Last year Australia set a new record for wildfires: 16 million acres burned. 8 times the area of Amazon and California fires respectively. A land mass equal to West Virginia. Pointing the finger at changing climate may be justified, but does not provide a plan for protecting homes and communities from future mega-fires. Plus, many should admit we’re already at a global warming ‘no-return’ point. So how do we defend our homes and communities from fire?
While the environmental damage was enormous, the impact on Australian communities was relatively small. About 2,500 homes were lost, compared to 25,000 just in California. Of course, Australia is less densely populated. But is it also more fire-resilient?
Fires are the oldest hazard communities faced. Recall the great fires of Rome, London and Chicago. Over time, cities learned and became fire-resilient. Today, while we have many urban fire sources, we’re not, like before, burning down cities. Not so with suburban and rural communities. Maybe its time they adopt some of the lessons learned from cities.
There are two dimensions to wildfire community resilience:
- Manage the spread of wildfires
- Limit the destruction of communities.
Wildfires are a fact of nature. What humans can do to control their spreading is:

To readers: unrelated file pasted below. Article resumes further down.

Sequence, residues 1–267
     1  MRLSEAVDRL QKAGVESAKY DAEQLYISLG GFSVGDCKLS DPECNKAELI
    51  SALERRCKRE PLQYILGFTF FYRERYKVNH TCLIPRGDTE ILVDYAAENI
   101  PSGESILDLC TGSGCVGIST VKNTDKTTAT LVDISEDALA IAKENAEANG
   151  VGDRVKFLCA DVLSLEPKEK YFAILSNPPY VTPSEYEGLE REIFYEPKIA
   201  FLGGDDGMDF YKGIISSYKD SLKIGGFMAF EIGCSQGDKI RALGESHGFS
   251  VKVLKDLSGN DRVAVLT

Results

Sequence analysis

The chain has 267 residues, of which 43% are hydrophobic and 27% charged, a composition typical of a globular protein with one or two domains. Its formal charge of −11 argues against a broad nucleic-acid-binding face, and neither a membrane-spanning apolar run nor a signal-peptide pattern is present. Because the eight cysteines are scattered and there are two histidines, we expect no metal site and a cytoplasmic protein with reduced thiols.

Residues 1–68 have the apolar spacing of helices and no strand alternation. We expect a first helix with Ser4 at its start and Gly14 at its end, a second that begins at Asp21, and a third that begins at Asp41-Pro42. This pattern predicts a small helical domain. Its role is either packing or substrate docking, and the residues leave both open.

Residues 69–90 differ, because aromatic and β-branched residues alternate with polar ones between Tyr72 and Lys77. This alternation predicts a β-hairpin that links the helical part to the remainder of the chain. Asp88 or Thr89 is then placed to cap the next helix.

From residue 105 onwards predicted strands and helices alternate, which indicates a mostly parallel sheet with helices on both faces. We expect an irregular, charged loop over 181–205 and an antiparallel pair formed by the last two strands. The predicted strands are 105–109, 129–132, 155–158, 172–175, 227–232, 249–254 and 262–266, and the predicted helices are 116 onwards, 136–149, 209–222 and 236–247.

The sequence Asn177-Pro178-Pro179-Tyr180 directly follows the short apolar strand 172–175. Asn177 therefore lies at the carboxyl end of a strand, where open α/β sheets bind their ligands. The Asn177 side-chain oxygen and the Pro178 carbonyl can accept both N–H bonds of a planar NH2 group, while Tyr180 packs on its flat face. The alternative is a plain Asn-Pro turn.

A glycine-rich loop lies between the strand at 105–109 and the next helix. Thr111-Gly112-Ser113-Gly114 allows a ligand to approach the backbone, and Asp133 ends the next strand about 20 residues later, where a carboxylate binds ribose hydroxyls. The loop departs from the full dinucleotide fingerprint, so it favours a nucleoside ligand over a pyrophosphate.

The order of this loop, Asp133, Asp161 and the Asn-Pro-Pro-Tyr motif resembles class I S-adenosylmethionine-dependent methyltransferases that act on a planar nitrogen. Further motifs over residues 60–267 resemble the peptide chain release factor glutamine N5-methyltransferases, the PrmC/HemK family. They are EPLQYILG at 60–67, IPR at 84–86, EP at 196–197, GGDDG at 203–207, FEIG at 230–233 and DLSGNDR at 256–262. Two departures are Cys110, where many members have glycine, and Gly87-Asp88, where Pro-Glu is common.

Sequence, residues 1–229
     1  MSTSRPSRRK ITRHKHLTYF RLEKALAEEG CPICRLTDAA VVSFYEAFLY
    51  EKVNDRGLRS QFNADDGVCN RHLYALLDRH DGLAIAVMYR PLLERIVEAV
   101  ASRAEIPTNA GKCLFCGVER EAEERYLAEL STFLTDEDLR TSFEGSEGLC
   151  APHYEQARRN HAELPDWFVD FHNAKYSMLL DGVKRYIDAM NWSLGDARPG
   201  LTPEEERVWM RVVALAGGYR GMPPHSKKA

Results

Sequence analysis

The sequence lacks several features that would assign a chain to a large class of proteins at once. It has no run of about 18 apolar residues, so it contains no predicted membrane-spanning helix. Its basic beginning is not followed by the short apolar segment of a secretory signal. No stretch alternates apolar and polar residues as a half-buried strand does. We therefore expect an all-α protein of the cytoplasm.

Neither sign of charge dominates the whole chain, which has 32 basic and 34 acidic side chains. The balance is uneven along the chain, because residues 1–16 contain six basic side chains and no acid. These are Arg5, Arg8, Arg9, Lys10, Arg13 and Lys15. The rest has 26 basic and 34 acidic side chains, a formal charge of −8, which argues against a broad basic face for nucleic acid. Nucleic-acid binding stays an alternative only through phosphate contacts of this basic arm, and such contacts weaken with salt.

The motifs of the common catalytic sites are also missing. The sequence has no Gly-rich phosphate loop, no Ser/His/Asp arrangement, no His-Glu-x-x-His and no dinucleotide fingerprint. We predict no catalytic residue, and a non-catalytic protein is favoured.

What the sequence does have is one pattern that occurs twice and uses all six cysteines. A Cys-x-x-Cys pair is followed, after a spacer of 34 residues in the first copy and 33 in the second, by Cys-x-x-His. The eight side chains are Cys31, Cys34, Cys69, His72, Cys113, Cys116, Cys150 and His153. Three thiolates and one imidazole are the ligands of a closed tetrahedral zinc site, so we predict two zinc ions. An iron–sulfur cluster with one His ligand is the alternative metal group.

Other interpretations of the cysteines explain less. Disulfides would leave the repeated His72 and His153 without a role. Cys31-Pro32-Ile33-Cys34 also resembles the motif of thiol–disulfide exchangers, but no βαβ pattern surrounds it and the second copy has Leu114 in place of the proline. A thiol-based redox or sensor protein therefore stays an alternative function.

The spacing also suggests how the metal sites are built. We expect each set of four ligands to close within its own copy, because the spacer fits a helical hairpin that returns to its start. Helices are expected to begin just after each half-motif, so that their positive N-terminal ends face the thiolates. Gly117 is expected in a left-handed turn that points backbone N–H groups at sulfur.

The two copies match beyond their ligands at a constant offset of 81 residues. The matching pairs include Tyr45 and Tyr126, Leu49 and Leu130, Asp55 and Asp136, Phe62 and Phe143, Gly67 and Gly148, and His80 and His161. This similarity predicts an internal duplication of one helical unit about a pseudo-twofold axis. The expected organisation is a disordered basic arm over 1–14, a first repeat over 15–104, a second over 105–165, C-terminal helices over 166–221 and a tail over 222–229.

- Conduct controlled seasonal burning of dried vegetation
- Create and maintain wide bands of wildlife fire-isolation zones
While some environmentalists oppose such time-proven measures, they should weigh them again the billions of animals that were lost during the Australian fires. Such fire isolation zones should be even greater near settled areas.
Finally, the following time-proven measures can limit the destruction of communities:
- Create wide urban-wildlife buffer zones
- Reject any development that does not provide buffer zones
- Adapt building standards that only permit non-combustible construction
- Educate consumers of how to manage combustibles in proximity to homes
Sounds simple? It actually is. Who benefits? Residents.
Yet, most communities lack the knowledge or the political will to adopt such measures. Or, they are railroaded by development and construction interests, who profit from vulnerable development. In fact, in past 25 years about a third of new US homes have been built in locations considered Wildlife-Urban Interface areas, and most to standards that will not survive a fire.
So before you vote to fund that electric car recharge station, vote on making your community more fire-resilient. Because without Resilience, there is no Sustainability. And if we need to build a neighborhood twice, it is neither Green or Sustainable.
Consumers can do better in choosing the location and type of home to live in, as well as properly maintaining it. Homes should be our shelter from hazards, not the places we run from. A home will be the largest investment most of us make, the core of our wealth and where we safekeep our lifetime irreplaceable possessions.
Your family, like every family, has the right to be in a lasting home.